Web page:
In the Apostle Paul’s day, the new believers in Thessalonica were encountering all kinds of trouble.  Thessalonica was the largest city in Macedonia which boasted over 200,000 people.  This city was known for being a military and commercial port city.  So within this large city in Macedonia, these young Christians were encountering all sorts of trouble – even persecution and death because of their new-found declarations of faith.  In the midst of their living testimonies, they longed for the day of Christ’s return.  What does that mean?  They lived in fear every single day, and couldn’t wait for Christ to come back.   And so these young Christians lived expectant lives while encouraging each other onward.

The persecution in Thessalonica must have been fierce for the Apostle Paul to remind them that they needed one another and they ought to continue (“just as you are doing”) to encourage one another.

Let’s put this into perspective:
We might not be facing certain death for our faith, instead we might be struggling to pay rent, finding funds to feed our families, enduring a tough problem at work or at home…all of these situations are arduous and, at times they keep us up at night.
The killer is silence. 
What do I mean?
We think no other Christian is struggling, and if they are it must mean that their faith isn’t strong enough.  This could not be further from the truth.
We have this idea that we shouldn’t let other Christians know how discouraged we really are, because we don’t want them to think less of us.  Because we don’t want others to talk.  Because we fear judgment of others.  Because we believe in the perfect Christian life that really doesn’t exist…because we’ve bought the lie that to be a Christian means we don’t struggle with these things anymore.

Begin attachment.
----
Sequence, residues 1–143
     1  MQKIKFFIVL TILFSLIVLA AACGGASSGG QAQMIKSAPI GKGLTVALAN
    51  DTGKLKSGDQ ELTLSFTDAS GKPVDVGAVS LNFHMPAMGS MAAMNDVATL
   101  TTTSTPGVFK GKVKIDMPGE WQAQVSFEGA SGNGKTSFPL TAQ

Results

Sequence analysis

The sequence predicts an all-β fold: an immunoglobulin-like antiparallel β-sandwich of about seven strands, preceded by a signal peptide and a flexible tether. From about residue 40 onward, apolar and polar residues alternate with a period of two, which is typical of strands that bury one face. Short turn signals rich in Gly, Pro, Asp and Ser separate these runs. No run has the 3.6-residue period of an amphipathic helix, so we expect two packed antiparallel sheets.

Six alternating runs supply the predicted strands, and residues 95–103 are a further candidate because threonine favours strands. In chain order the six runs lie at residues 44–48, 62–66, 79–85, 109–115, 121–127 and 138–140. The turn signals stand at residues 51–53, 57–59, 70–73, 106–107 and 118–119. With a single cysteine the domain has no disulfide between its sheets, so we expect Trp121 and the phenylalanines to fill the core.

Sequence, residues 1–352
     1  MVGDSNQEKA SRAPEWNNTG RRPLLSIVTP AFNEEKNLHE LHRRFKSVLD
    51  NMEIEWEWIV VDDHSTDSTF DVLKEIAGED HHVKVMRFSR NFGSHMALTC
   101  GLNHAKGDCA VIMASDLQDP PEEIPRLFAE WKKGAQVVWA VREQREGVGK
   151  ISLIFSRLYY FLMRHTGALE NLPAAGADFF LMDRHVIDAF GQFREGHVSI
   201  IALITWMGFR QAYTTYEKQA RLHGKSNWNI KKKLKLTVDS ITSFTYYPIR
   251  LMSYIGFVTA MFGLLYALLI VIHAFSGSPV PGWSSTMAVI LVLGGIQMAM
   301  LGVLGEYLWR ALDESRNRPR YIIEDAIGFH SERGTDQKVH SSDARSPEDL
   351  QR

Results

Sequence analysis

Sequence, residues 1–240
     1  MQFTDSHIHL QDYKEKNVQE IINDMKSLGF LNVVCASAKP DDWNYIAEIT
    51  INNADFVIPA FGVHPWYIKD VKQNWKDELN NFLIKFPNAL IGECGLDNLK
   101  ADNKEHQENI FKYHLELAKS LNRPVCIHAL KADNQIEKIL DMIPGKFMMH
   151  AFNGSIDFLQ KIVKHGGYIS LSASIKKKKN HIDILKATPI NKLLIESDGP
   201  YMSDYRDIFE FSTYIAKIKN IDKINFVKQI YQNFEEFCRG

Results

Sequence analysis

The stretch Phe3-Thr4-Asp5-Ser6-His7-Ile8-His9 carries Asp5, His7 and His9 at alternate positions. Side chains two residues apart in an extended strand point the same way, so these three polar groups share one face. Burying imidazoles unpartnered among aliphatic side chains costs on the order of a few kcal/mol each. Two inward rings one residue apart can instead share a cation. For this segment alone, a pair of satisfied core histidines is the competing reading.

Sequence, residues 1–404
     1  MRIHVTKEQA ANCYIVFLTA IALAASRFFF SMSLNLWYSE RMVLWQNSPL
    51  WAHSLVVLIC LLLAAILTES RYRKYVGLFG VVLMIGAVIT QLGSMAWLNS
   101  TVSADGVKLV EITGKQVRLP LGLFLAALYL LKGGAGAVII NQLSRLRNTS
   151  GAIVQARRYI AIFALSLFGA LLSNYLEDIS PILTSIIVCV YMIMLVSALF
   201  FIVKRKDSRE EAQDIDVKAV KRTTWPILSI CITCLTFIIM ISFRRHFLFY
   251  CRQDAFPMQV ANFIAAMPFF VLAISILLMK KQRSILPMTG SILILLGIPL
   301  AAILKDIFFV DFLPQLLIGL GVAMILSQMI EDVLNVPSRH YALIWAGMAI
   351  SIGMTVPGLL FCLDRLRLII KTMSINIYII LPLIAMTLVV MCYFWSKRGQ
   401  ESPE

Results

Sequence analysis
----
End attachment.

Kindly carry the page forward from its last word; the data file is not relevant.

And so, silence is a killer.
No one knows.
We don’t share.
And our hurts go unchecked, unnoticed, and unaddressed.

Dear Christian,
How can we encourage one another if we aren’t being honest with each other?
How can we carry each other’s burdens if we allow silence to slowly kill our souls?
We cannot continue to buy the lie that everything is fine when we face times of trial and we keep it private.  (Some will laugh at this and say, but church is full of hypocrites and gossipers…then find REAL believers in whom you can confide!)

Healing can begin with out this kind of encouragement, but long is the process and deep the scars.  When we have others who will journey beside us, and encourage us, we will find added strength, hope, abundance and encouragement.

Don’t let silence kill you.

4 Ways We Get Christianity Wrong

First of all let me set the record straight, if we aren’t following Christ and desiring to be like Him in every way, then we really shouldn’t call ourselves Christians.  That’s a bold statement, but it’s true.  We can’t understand who this Jesus guy is, unless we actually read and study His life.   What did He teach?  What did He do?  With whom did He associate with, and who did Jesus heal?  When we study who Jesus was and is, we begin to see the kind of life that we are also called to live – if we are to follow Him.

Today, I would like to focus on just 4 Ways We Get Christianity Wrong.
It should be noted that there are more ways to get this wrong, but for the sake of time, lets cover just four.

  1.   Emotionalism:  crying
    I used to despise altar calls.  (There, I’ve said it, phew what a weight off of my chest)